15. u u u u v v v v s s 2 2 2 2 5 5 5 5 9 6 7 6 Relaxation Step • Relaxing an edge (u, v) = testing whether we can improve the shortest path to v found so far by going through u If d[v] > d[u] + w(u, v) we can improve the shortest path to v  d[v]=d[u]+w(u,v) [v] ← u • After relaxation: • d[v]  d[u] + w(u, v) RELAX(u, v, w) RELAX(u, v, w) no change

  16. Bellman-Ford Algorithm • Single-source shortest path problem • Computes δ(s, v) and [v] for all v  V • Allows negative edge weights - can detect negative cycles. • Returns TRUE if no negative-weight cycles are reachable from the source s • Returns FALSE otherwise  no solution exists

  17. Bellman-Ford Algorithm (cont’d) • Idea: • Each edge is relaxed |V–1| times by making |V-1| passes over the whole edge set. • To make sure that each edge is relaxed exactly |V – 1| times, it puts the edges in an unordered list and goes over the list |V – 1| times. (t, x), (t, y), (t, z), (x, t), (y, x), (y, z), (z, x), (z, s), (s, t), (s, y) t x 5   -2 6 -3 8 7 0 s -4 2 7   9 y z

  18. t t x x 5 5     -2 -2 6 6 -3 -3 8 8 7 7 0 0 s s -4 -4 2 2 7 7     9 9 y y z z BELLMAN-FORD(V, E, w, s) Pass 1 6 7 E: (t, x), (t, y), (t, z), (x, t), (y, x), (y, z), (z, x), (z, s), (s, t), (s, y)

  19. t t t t x x x x 5 5 5 5 6 6 6 6     -2 -2 -2 -2 6 6 6 6 -3 -3 -3 -3 8 8 8 8 7 7 7 7 0 0 0 0 s s s s -4 -4 -4 -4 2 2 2 2 7 7 7 7 7 7 7 7     9 9 9 9 y y y y z z z z 4 4 11 11 2 2 2 Example (t, x), (t, y), (t, z), (x, t), (y, x), (y, z), (z, x), (z, s), (s, t), (s, y) Pass 1 (from previous slide) Pass 2 4 11 2 Pass 3 Pass 4 2 -2

  20. s s s b b b 2 2 2 -3 0 0 2   3 3 3 -8 -8 -8  5  c c c Detecting Negative Cycles(perform extra test after V-1 iterations) • for each edge (u, v)  E • do if d[v] > d[u] + w(u, v) • then return FALSE • return TRUE 2nd pass 1st pass Look at edge (s, b): d[b] = -1 d[s] + w(s, b) = -4  d[b] > d[s] + w(s, b) -6 -1 -3 2 2 5 (s,b) (b,c) (c,s)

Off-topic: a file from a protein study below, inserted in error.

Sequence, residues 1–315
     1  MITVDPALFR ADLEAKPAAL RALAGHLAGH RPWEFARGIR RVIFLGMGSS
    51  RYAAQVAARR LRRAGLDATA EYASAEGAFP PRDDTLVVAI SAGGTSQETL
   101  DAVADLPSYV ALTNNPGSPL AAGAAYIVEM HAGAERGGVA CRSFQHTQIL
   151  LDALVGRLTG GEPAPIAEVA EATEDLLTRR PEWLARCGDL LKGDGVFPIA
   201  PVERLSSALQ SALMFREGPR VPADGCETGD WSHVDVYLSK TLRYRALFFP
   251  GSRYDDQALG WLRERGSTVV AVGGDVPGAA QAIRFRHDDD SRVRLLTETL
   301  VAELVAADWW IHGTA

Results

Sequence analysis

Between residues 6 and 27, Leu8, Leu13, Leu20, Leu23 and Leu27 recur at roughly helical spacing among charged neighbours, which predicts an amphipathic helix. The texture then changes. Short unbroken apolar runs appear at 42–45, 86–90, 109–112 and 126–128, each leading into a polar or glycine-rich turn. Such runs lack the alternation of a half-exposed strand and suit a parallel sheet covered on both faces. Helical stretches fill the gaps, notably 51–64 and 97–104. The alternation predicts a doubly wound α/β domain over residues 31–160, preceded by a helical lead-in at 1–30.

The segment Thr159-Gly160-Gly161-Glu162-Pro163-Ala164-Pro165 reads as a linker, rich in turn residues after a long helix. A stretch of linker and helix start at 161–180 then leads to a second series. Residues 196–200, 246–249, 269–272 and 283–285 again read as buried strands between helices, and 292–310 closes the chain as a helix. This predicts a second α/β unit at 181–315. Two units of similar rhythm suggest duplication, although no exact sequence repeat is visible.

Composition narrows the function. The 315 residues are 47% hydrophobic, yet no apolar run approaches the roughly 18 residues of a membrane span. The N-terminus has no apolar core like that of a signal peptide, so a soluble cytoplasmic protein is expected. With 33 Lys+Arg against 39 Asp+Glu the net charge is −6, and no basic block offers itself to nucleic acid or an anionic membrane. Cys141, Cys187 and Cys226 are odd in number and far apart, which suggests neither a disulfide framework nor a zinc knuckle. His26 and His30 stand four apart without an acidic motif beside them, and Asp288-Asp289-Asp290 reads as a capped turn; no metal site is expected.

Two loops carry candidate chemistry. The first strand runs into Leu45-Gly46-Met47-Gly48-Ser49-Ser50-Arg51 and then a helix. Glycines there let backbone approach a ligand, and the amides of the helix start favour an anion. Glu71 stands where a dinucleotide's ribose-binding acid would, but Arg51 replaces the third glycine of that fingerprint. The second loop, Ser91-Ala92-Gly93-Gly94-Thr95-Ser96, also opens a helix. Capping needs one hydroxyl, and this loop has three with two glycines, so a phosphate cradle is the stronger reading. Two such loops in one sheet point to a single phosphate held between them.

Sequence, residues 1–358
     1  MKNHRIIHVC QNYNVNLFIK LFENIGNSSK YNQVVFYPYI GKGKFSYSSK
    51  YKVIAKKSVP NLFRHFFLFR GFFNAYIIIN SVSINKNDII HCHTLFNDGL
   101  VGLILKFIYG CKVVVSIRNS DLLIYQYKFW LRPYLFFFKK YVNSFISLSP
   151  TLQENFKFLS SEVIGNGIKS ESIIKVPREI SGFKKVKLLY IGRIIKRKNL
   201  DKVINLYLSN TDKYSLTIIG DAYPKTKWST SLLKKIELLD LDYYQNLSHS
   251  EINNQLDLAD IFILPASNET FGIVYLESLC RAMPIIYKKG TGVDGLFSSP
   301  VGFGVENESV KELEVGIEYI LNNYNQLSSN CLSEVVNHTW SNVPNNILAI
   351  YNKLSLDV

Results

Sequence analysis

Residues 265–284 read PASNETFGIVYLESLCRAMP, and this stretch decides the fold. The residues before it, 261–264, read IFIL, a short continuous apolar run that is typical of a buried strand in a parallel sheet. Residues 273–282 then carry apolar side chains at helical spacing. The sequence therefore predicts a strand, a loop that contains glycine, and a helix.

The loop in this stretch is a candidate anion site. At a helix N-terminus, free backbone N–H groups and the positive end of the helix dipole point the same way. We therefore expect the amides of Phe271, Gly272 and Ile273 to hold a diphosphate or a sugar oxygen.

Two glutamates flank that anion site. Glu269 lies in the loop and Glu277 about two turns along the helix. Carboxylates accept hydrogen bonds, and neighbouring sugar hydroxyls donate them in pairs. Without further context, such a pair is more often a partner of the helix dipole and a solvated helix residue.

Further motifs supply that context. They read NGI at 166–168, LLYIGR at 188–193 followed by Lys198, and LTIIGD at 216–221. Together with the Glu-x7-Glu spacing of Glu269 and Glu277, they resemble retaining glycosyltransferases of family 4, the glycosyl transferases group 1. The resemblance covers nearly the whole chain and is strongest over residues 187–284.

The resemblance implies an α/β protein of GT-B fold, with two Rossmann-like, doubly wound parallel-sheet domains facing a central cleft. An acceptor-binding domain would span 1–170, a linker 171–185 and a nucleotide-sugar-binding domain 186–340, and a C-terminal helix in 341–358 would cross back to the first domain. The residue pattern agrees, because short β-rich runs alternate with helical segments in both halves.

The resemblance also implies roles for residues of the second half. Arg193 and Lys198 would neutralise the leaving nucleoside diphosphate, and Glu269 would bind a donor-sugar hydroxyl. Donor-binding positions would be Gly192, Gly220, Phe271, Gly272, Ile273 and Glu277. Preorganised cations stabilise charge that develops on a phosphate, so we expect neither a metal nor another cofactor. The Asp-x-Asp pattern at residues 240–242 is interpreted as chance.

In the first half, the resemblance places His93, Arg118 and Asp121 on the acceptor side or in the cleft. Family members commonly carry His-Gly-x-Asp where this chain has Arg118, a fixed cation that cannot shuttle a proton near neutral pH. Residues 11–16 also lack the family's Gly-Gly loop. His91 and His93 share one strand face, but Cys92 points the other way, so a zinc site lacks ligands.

21. O(VE) BELLMAN-FORD(V, E, w, s) • INITIALIZE-SINGLE-SOURCE(V, s) • for i ← 1 to |V| - 1 • do for each edge (u, v)  E • do RELAX(u, v, w) • for each edge (u, v)  E • do if d[v] > d[u] + w(u, v) • then return FALSE • return TRUE Running time: O(V+VE+E)=O(VE) (V) O(V) O(E) O(E)

  22. v v x x 5 5 6 6   -2 -2 6 6 -3 -3 8 8 7 7 0 0 s s -4 -4 2 2 7 7 2 7 7   4 11 9 9 y y z z 4 11 2 2 Shortest Path Properties • Upper-bound property • We always have d[v] ≥ δ (s, v) for all v. • The estimate never goes up – relaxation only lowers the estimate Relax (x, v)

  23. Shortest Path Properties • Convergence property If s u → v is a shortest path, and if d[u] = δ(s, u) at any time prior to relaxing edge (u, v), then d[v] = δ(s, v) at all times after relaxing (u, v). • If d[v] > δ(s, v) after relaxation: • d[v] = d[u] + w(u, v) • d[v] = 5 + 2 = 7 • Otherwise, the value remains unchanged, because it must have been the shortest path value u v 2 6  5 8 11 5 0 s 4 4 7

  24. Shortest Path Properties • Path relaxation property Let p = v0, v1, . . . , vk be a shortest path from s = v0 to vk. If we relax, in order, (v0, v1), (v1, v2), . . . , (vk-1, vk), even intermixed with other relaxations, then d[vk ] = δ (s, vk). v1 v2 2 d[v2] = δ (s, v2) 6  v4   11 7 5  14 5 3 v3 d[v1] = δ (s, v1) 4 d[v4] = δ (s, v4)  0 s 11 d[v3] = δ (s, v3)

  25. Correctness of Belman-Ford Algorithm • Theorem: Show that d[v]= δ (s, v), for every v, after |V-1| passes. Case 1: G does not contain negative cycles which are reachable from s • Assume that the shortest path from s to v is p = v0, v1, . . . , vk, where s=v0 and v=vk, k≤|V-1| • Use mathematical induction on the number of passes i to show that: d[vi]= δ (s, vi) , i=0,1,…,k

  26. vi-1 vi s w d[vi-1]= δ (s, vi-1) Correctness of Belman-Ford Algorithm (cont.) Base Case: i=0 d[v0]= δ (s, v0)= δ (s, s)= 0 Inductive Hypothesis: d[vi-1]= δ (s, vi-1) Inductive Step: d[vi]= δ (s, vi) After relaxing (vi-1, vi): d[vi]≤d[vi-1]+w= δ (s, vi-1)+w= δ (s, vi) From the upper bound property: d[vi]≥ δ (s, vi) Therefore, d[vi]=δ (s, vi)

  27. d d d d d d Correctness of Belman-Ford Algorithm (cont.) • Case 2: G contains a negative cycle which is reachable from s <0 Proof by Contradiction: suppose the algorithm returns a solution Contradiction!

  28. Dijkstra’s Algorithm • Single-source shortest path problem: • No negative-weight edges: w(u, v) > 0,  (u, v)  E • Each edge is relaxed only once! • Maintains two sets of vertices: d[v]=δ (s, v) d[v]>δ (s, v)